The holidays are a time when everyone wants things to be a little special. Sparkly lights adorn eaves and trees, children are dressed in velvet and plaid taffeta and brought to the mall to scream and/or pee on Santa’s lap, carolers bring cheer and good will with toasty adult beverages in hand, and the drivers of cars festively decked with antlers and wreaths take a deep breath and resist the urge to commit harakiri on the driver who just stole the last parking space at the mall.
This time of year we put on our fancy pants (preferably ones with elastic waistbands), accept far more social invitations than any sane human should and eat and drink ourselves into a fabulous holiday induced stupor all in the name of the commercial adaptation of an ancient miracle (insert the one that applies to you here). Some people are under the impression that the holidays are the best time to take cooking and baking skills to unprescendented levels. Cupcakes with gold leaf accents, cocktail glasses rimmed with festivially colored sugars dyed with the berries of a rare Himilayan shrubbery, prime rib stuffed with organic garlic and rosemary grown in Antarctica. I am the first to admit I often fall victim to attempting to impress people I’ve never met at my neighbor/coworker/hairdresser’s cocktail party thing, but I generally think that the holidays are a time to back OFF from the intricate, stress inducing foodstuff creation. We all have enough to do and so much to shove in our pie holes that it’s not like most people are going to taste whatever exotic hand-granuled-by-midget-Tibetian-monks salt you put on your foie gras on toast points (which you didn’t even know meant fatty liver goo in November, but you read about it in Martha Stewarts Guide to Impressing Your Friends While Killing Yourself and Going Broke This Holiday Season – on newsstands now).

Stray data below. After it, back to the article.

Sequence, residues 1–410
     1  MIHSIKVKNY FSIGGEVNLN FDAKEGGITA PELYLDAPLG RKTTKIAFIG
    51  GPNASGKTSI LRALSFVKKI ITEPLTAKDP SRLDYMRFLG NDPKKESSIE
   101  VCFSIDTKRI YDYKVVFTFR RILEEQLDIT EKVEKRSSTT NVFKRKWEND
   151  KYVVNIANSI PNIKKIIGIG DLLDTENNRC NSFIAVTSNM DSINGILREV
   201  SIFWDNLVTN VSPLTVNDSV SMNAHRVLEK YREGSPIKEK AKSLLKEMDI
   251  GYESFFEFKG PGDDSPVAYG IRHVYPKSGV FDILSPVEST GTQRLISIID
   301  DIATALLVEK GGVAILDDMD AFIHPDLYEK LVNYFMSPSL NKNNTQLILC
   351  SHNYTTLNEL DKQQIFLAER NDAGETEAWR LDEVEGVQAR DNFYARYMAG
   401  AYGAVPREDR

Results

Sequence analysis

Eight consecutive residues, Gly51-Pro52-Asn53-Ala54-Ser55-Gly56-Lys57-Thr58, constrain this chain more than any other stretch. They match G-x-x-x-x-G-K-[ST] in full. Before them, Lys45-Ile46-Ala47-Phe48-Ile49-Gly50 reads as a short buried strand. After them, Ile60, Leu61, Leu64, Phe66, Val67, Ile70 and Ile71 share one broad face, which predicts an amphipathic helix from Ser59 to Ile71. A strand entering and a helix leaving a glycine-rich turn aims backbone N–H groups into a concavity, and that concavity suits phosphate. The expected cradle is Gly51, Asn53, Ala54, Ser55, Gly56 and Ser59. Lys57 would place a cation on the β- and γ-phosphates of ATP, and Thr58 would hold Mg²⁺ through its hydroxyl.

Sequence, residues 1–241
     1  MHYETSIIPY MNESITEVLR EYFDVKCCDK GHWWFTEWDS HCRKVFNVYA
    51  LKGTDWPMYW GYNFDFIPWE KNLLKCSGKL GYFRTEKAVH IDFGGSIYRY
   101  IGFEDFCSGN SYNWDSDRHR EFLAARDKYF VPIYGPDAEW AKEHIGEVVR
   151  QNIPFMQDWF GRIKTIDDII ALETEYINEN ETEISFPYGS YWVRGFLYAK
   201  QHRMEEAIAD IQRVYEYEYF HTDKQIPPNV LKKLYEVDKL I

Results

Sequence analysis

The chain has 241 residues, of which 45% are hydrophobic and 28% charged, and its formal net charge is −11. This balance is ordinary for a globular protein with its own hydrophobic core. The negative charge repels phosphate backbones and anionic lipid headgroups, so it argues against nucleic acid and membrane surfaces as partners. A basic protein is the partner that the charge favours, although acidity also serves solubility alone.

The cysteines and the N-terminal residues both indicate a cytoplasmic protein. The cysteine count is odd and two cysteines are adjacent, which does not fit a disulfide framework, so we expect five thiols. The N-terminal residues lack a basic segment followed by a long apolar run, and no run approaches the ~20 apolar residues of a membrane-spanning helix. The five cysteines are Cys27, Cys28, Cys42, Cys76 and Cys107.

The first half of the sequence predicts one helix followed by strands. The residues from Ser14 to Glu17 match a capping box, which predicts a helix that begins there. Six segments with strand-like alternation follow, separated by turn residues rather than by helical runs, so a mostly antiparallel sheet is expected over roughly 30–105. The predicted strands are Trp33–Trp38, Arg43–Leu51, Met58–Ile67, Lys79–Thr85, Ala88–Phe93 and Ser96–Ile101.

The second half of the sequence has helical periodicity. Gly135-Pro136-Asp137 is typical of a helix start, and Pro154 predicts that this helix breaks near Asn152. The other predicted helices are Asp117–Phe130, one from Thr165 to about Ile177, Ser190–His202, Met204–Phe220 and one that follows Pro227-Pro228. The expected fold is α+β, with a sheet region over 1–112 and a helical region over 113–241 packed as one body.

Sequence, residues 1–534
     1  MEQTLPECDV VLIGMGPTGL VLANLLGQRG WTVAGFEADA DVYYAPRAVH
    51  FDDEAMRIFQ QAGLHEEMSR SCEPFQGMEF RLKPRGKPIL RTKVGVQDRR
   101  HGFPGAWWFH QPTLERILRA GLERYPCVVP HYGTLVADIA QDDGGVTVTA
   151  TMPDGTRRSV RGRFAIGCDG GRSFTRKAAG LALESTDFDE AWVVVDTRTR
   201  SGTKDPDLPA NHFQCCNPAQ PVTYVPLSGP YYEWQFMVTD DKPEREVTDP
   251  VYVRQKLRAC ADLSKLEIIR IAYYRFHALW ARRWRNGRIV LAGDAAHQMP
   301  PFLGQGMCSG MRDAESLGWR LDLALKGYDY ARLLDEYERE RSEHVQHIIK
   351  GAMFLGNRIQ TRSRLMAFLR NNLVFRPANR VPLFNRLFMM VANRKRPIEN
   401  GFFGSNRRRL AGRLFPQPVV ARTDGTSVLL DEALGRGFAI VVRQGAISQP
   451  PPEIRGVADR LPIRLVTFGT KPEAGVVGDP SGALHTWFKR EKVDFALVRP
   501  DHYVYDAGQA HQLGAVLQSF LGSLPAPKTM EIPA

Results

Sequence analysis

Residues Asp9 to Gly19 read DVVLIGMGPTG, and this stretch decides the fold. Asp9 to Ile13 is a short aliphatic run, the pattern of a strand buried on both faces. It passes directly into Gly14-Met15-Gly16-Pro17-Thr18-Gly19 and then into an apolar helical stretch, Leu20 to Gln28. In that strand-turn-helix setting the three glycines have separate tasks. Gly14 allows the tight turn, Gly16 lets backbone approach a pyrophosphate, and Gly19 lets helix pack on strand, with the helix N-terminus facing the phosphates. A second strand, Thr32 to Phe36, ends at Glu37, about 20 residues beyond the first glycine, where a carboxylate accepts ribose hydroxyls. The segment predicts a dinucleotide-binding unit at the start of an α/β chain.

Don’t get me wrong, I absolutely love this time of year. Stress and hustle and bustle and all, I love it. I love the traditions, my neighborhood’s annual holiday light contest, Christmas Eve services at church, and watching Elf umpteen times on USA. As much as I pretend to hate it, I even relish the child-like joy my father gets from playing Wham’s Last Christmas over and over (and over…and over….and over). So, my gift of the season to you is a vow to only post really easy recipes from now until 2012. Dishes and treats that really can be whipped up in between It’s A Charlie Brown Christmas and Oh-Crap-I-Forgot-to-Wrap-Susie’s-Teacher’s-Dog’s-Gift. These peanut butter cookies take 10 minutes to whip up (and about 20 to bake), no sifting of flour, no dry ingredients in one bowl, liquid in the other. Just mix, bake, & consume.
Optional pretzels & toffee pieces
nom nom nom
Flourless Peanut Butter Cookies
with toffee & pretzels
Adapted from Real Simple December 2011
2 cups creamy peanut butter
1 cup packed light brown sugar
1 cup granulated sugar
2 large eggs
2 teaspoons baking soda
1/2 teaspoon kosher salt
1 cup salted pretzel pieces
1 cup chocolate covered toffee pieces
- Heat oven to 350° F. Line 2 baking sheets with parchment. In a large bowl, mix together the peanut butter, sugars, eggs, baking soda, and salt until smooth.
- Mix in pretzels and toffee.
- Shape the dough into balls (about 1 heaping tablespoon each) and place 2 inches apart on the prepared baking sheets. Using the tines of a fork, flatten each ball (best you can with the pretzels and toffee), creating a crisscross pattern.
- Bake, rotating the baking sheets halfway through, until puffed and golden, 10 to 12 minutes (the cookies probably won’t look done. They are. If you leave them in a lot longer, like I did, they’ll be really crunchy. Perfect for eating over ice cream. If that’s what you’re into). Let cool slightly on the baking sheets, then transfer to a wire rack to cool completely.
Happy not so hectic holidays to you and yours!